Class Name: "User" (or whatever class object it should be)
Continue with the other servers in the replica ring and note each server's viewpoint of the suspect object. If you find a server that holds a valid copy of the object, see
Use DSBROWSE | Tree Browse and then look for the object in question. Look at the "Object Class" column and see if it has a valid class there or if it says Unknown. DSBROWSE comes with the latest versions of NDS and eDirectory. You may download DSBROWSE from Novell's Files and Patches web page. For additional information on using DSBROWSE see NOVL17436 - Using DSBROWSE.
If the object or these entries are not present, this server's database needs to be updated. Continue using DSVIEW on the remainder of the replicas in the replica ring and verify that at least one server's database does show the object correctly.
NDS iMonitor is an excellent alternative and is quick. iMonitor is especially nice when there are non-NetWare servers in the replica ring. Start up NDS iMonitor in a web browser. After you authenticate, start browsing down to the object in question. The easiest way to get into the object browser is to click on the hyperlink of the name of your tree where it says "Identity" at the top of the screen. You can then browse down to the object. You'll notice that once you select an object and are viewing it's "Entry Information", you will see a Replica frame in the bottom left corner of the window. This will show a list of all servers in the replica ring for this object. The server that is in BLACK is the server you are reading from. If you want to read the same object from a different server's perspective, just click the hyperlink for that server. You should not have to check the Subordinate Reference replicas. If you find a server that has a good copy of the object, notice that in the frame right below your Identity, there is an option to "Send Entry to All Replicas". This can be used as an alternative to what is stated in SOLUTION 2 below.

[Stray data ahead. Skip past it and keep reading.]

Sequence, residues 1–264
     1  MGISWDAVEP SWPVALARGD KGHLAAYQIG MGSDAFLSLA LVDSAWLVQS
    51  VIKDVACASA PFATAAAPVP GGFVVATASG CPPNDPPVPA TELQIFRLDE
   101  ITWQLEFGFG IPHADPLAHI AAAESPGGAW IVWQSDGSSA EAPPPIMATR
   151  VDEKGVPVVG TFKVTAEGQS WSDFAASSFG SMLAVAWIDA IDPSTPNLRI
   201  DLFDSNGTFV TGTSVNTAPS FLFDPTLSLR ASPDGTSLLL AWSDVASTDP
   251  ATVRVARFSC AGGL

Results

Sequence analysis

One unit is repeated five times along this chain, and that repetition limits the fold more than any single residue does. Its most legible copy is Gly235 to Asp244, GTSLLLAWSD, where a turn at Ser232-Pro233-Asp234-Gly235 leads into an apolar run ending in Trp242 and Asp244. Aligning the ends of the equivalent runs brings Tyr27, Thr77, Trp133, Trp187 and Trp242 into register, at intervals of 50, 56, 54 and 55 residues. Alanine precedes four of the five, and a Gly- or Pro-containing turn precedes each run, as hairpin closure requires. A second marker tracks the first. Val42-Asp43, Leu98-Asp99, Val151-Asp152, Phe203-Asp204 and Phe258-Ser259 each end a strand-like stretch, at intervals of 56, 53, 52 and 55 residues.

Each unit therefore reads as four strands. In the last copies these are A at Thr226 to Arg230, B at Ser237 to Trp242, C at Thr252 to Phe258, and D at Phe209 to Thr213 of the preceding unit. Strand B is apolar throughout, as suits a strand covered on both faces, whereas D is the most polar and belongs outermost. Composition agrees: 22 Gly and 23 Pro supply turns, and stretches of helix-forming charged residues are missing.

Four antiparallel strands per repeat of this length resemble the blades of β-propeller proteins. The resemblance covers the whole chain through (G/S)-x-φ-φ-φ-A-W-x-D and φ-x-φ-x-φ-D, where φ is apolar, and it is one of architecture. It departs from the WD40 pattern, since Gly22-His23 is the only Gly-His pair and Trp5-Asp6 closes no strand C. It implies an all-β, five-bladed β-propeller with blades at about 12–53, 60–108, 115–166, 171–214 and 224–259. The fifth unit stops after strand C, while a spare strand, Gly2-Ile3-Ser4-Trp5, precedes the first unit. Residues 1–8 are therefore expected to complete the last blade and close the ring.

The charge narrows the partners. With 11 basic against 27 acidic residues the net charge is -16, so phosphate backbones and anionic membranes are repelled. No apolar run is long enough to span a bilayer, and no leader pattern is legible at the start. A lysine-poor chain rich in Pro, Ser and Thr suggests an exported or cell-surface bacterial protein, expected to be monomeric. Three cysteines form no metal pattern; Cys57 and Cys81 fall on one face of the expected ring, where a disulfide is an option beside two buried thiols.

Make sure and do this procedure only if there is still a good copy of the object on at least one replica in the replica ring as verified using the steps above. If so, make sure and perform this procedure on the server that has the Unknown object in it's database.
Load DSRepair -P | Advanced Options | Repair local DS Database | Leave all the defaults but make sure rebuild operation schema is set to yes, this will mark all unknown objects as Present Reference, Flags 201. With this flag set the server is ready to receive the object. You accomplish this by loading DSRepair -A | Advanced Options | Replica and Partition operations | View Replica Ring | Select the server that has the good objects and hit enter | Send all objects to every replica in the ring.
Another option is DSBrowse if you have a NetWare 5 or higher server. DSBrowse has an option to resend selected object. You must load DSBROWSE -A to get this option. Browse to the good object and hit F3 and choose "Resend Selected Object". What this will do is change the object from flags 1 Present to flags 801 Present New Entry on the sending server. DSBrowse will also timestamp the object which with the newer timestamp should update to the offending servers provided their flags are set to 201 Present Reference. You can insure the objects on the offending server have their flags set to 201 again by loading DSREPAIR -P (See SOLUTION 1) then running a local repair.
If there are no replicas that hold a good copy of the object in question, then you can try DSDIAG as a last resort.
DSDIAG is a utility which will allow you to mutate unknown objects. This is assuming the object has all the mandatory attributes and has the "Unknown Base Class" attribute which stores the information about what the object was. If the object does NOT have the "Unknown Base Class" attribute, then the DSDIAG procedure will not work. Reference TID #10019291 - Mutating unknown objects with DSDIAG.NLM for more information.
If the object in question is not important, simply delete the object and recreate it.